The above description of the disclosed embodiments is provided to enable any person skilled in the art to make or use that which is defined by the appended claims. The following claims are not intended to be limited to the disclosed embodiments. Other embodiments and modifications will readily occur to those of ordinary skill in the art in view of these teachings. Therefore, the following claims are intended to cover all such embodiments and modifications when viewed in conjunction with the above specification and accompanying drawings.

Claims

1. A method for maintaining and improving a user's back, the user having feet, knees, and an iliac crest, the method comprising the steps of:

sitting in a lumbar support chair for a first period of time with a lumbar portion of the back in a reclined neutral lordosis, the lumbar support chair including a sacral depression, a lumbar protrusion, a thoracic recession, a raised dorsal thigh support, a left thigh protrusion, and a right thigh protrusion;
while sitting, placing the feet on an elevated foot support, the elevated foot support capable of pivoting towards and away from the lumbar support chair; and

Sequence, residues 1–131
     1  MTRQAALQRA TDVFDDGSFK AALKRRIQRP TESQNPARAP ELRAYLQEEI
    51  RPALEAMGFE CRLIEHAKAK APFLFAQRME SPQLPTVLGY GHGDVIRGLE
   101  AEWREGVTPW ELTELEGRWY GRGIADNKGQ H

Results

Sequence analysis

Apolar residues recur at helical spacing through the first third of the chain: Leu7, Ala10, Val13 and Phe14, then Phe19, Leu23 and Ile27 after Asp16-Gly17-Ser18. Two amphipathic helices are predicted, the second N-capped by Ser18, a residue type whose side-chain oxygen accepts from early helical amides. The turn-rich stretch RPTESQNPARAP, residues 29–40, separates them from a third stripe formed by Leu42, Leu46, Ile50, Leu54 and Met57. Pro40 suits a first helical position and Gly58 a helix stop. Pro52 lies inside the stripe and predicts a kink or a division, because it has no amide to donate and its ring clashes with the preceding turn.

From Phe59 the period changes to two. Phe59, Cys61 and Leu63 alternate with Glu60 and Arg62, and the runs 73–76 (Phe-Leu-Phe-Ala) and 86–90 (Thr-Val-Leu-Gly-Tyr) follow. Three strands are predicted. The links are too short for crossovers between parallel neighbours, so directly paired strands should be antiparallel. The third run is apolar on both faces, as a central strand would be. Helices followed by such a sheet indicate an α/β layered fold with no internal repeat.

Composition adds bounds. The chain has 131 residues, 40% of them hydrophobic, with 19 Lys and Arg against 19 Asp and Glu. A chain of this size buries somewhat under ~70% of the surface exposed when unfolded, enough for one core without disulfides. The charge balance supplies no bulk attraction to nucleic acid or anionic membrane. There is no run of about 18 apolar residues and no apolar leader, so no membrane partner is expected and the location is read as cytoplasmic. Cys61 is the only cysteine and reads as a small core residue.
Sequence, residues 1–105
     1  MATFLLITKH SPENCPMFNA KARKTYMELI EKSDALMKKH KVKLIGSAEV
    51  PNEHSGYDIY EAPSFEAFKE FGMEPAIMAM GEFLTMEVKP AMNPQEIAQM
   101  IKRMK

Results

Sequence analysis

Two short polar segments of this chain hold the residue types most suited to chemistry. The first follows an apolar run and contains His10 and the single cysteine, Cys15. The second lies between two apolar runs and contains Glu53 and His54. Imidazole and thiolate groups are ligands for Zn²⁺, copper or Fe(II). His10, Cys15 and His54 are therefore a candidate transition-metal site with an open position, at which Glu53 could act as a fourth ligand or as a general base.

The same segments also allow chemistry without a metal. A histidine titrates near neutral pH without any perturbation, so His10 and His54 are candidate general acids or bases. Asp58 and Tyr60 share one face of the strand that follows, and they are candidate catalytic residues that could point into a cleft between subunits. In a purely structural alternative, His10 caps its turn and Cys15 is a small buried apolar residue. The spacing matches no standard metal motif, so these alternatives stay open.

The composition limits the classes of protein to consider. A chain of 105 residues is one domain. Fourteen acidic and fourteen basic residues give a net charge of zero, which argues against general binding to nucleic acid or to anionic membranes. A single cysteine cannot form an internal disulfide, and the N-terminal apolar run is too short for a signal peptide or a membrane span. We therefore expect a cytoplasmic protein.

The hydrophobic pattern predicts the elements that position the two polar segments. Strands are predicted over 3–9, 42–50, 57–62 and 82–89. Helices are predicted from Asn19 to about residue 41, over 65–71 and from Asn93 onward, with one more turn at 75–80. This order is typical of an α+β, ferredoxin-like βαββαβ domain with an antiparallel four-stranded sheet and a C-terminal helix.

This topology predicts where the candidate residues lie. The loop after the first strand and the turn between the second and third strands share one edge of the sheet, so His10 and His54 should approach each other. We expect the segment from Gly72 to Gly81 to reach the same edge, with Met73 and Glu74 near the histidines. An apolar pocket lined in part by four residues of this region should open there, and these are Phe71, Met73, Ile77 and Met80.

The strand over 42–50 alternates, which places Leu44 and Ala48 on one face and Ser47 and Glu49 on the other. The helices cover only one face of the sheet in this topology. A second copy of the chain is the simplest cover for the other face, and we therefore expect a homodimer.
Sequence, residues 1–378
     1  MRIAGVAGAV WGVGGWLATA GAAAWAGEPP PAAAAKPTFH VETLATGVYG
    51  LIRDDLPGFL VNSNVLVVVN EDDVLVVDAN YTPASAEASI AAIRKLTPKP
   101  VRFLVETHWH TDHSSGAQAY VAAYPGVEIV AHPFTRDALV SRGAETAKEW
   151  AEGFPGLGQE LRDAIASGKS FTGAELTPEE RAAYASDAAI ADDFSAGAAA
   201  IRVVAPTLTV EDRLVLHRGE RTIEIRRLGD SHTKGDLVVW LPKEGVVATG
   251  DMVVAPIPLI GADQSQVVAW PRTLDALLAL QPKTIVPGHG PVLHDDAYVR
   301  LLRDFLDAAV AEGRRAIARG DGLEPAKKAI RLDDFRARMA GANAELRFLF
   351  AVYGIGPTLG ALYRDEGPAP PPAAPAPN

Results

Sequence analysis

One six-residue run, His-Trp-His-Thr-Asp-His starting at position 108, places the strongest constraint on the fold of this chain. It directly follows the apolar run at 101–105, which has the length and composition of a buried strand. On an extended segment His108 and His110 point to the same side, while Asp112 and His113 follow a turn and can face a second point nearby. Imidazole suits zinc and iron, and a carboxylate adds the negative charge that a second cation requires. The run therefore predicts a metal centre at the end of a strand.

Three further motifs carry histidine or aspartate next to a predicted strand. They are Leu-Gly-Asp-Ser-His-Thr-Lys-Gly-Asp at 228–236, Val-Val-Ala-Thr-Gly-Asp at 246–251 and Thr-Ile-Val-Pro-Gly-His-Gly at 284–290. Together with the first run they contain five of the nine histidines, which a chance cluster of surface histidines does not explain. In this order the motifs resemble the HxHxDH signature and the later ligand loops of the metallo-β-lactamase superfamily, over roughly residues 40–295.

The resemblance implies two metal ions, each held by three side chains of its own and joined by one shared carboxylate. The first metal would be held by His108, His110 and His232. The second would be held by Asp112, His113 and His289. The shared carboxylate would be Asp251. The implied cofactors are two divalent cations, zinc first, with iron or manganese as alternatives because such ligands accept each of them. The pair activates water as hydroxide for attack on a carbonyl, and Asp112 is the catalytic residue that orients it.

standing erect with the assistance of a rod for a second period of time;
wherein the placing the feet on the elevated foot support results in the knees being higher than the iliac crest.

2. The method of claim 1, wherein the first period of time is at least until a measurement of the electrical activity of a muscle associated with the lumbar spine reaches a minimum.

3. The method of claim 1, wherein the first period of time is at least 10 minutes.

4. The method of claim 1, wherein the reclined neutral lordosis includes a T12 to S1 Cobb angle of 65 degrees, plus or minus 3 degrees.

5. The method of claim 1, wherein the reclined neutral lordosis is within 10% of a normal range of the user's standing lordosis angle.

6. The method of claim 1, wherein the reclined neutral lordosis is a lordosis angle between 50 degrees and 60 degrees.

7. The method of claim 1, wherein the elevated foot support is configured to allow for vertical adjustment of a pivotable surface.

8. The method of claim 1, wherein a distance between elevated foot support and the lumbar support chair is adjustable.

9. The method of claim 1, wherein the step of standing erect includes tensing the user's gluteus maximus muscles.

10. The method of claim 1, wherein the second period of time is sufficient to stretch muscles associated with the lumbar spine to allow for an erect neutral lordosis.

11. A system for maintaining and improving a human back, the system comprising: